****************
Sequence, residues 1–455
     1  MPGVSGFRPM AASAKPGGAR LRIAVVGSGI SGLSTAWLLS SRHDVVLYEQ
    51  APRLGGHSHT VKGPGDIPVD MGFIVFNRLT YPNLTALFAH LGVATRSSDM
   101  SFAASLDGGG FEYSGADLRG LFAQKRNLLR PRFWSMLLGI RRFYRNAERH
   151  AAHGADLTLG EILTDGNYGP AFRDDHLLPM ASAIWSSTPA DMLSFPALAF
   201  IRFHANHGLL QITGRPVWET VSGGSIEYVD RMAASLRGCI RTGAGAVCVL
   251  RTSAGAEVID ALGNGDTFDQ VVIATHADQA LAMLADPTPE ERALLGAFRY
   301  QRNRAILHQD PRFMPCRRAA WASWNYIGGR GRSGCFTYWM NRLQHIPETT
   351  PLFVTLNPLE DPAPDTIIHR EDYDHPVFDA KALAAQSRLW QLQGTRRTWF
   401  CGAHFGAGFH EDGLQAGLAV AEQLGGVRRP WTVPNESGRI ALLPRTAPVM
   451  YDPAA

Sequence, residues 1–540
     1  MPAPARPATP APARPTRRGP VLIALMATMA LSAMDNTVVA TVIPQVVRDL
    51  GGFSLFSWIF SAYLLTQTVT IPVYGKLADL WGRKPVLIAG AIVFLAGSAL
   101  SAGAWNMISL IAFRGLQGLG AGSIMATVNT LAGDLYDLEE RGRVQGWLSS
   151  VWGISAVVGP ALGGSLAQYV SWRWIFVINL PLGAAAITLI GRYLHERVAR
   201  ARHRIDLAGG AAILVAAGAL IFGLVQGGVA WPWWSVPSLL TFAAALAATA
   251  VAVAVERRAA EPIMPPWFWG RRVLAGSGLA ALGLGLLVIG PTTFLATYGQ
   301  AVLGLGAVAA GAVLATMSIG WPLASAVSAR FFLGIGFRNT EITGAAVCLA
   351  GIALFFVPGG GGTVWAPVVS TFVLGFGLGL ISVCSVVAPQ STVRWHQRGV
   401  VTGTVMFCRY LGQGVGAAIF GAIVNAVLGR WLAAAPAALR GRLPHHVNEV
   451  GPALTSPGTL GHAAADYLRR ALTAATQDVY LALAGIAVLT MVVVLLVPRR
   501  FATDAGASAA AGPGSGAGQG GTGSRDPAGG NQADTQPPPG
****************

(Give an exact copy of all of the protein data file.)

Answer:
Sequence, residues 1–455
     1  MPGVSGFRPM AASAKPGGAR LRIAVVGSGI SGLSTAWLLS SRHDVVLYEQ
    51  APRLGGHSHT VKGPGDIPVD MGFIVFNRLT YPNLTALFAH LGVATRSSDM
   101  SFAASLDGGG FEYSGADLRG LFAQKRNLLR PRFWSMLLGI RRFYRNAERH
   151  AAHGADLTLG EILTDGNYGP AFRDDHLLPM ASAIWSSTPA DMLSFPALAF
   201  IRFHANHGLL QITGRPVWET VSGGSIEYVD RMAASLRGCI RTGAGAVCVL
   251  RTSAGAEVID ALGNGDTFDQ VVIATHADQA LAMLADPTPE ERALLGAFRY
   301  QRNRAILHQD PRFMPCRRAA WASWNYIGGR GRSGCFTYWM NRLQHIPETT
   351  PLFVTLNPLE DPAPDTIIHR EDYDHPVFDA KALAAQSRLW QLQGTRRTWF
   401  CGAHFGAGFH EDGLQAGLAV AEQLGGVRRP WTVPNESGRI ALLPRTAPVM
   451  YDPAA

Sequence, residues 1–540
     1  MPAPARPATP APARPTRRGP VLIALMATMA LSAMDNTVVA TVIPQVVRDL
    51  GGFSLFSWIF SAYLLTQTVT IPVYGKLADL WGRKPVLIAG AIVFLAGSAL
   101  SAGAWNMISL IAFRGLQGLG AGSIMATVNT LAGDLYDLEE RGRVQGWLSS
   151  VWGISAVVGP ALGGSLAQYV SWRWIFVINL PLGAAAITLI GRYLHERVAR
   201  ARHRIDLAGG AAILVAAGAL IFGLVQGGVA WPWWSVPSLL TFAAALAATA
   251  VAVAVERRAA EPIMPPWFWG RRVLAGSGLA ALGLGLLVIG PTTFLATYGQ
   301  AVLGLGAVAA GAVLATMSIG WPLASAVSAR FFLGIGFRNT EITGAAVCLA
   351  GIALFFVPGG GGTVWAPVVS TFVLGFGLGL ISVCSVVAPQ STVRWHQRGV
   401  VTGTVMFCRY LGQGVGAAIF GAIVNAVLGR WLAAAPAALR GRLPHHVNEV
   451  GPALTSPGTL GHAAADYLRR ALTAATQDVY LALAGIAVLT MVVVLLVPRR
   501  FATDAGASAA AGPGSGAGQG GTGSRDPAGG NQADTQPPPG